Titan is Hiding a Global OceanScientists have discovered that the most interesting moon of Saturn, Titan, is hiding a global ocean 100km underneath its surface.
Possible scenario for the internal structure of Titan
The evidence comes courtesy of Cassini, which has flown past Titan more than 80 times. We've already observed plenty of strange behavior on the moon--it rains and snows there, for example, and has an atmosphere denser than our own, giving it the honor of the only moon with an appreciable atmosphere--so it shouldn't be surprising that a thorough analysis of the moon would reveal further weirdness.
By getting so close to the moon so often, scientists can closely observe how Titan orbits Saturn, how it spins, how strong its gravitational pull is and the topography of the surface. Essentially, what the team did is look for tides. See, as Titan spins around Saturn in an elliptical orbit. That orbit means that the gravitational pull is greater at some points than others. The research team used this data to look for tidal flexing, which is the stretching and pulling of a moon due to a core that isn't non-dense core. The less dense, the more the rock flexes.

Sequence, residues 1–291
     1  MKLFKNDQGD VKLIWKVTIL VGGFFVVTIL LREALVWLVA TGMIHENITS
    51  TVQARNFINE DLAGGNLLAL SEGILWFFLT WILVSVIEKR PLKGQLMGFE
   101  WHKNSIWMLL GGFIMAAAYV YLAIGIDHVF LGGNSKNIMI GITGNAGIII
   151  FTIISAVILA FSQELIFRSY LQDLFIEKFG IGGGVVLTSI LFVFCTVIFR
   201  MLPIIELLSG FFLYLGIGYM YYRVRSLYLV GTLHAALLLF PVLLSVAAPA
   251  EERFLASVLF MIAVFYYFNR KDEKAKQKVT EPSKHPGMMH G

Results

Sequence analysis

Using data from 6 flybys, Cassini was able to determine that Titan has an underground sea of liquid water. Which is remarkable considering how cold it is way out there in space. Other moons have water ice; very few are thought to have it in liquid form.
Scientists hope that the water can explain how Titan's atmosphere is made up largely of gaseous methane, despite the fact that it is quickly destroyed.
Said team member Jonathan Lunnine,
"The presence of a liquid water layer in Titan is important because we want to understand how methane is stored in Titan's interior and how it may outgas to the surface. This is important because everything that is unique about Titan derives from the presence of abundant methane, yet the methane in the atmosphere is unstable, and will be destroyed on geologically short timescales."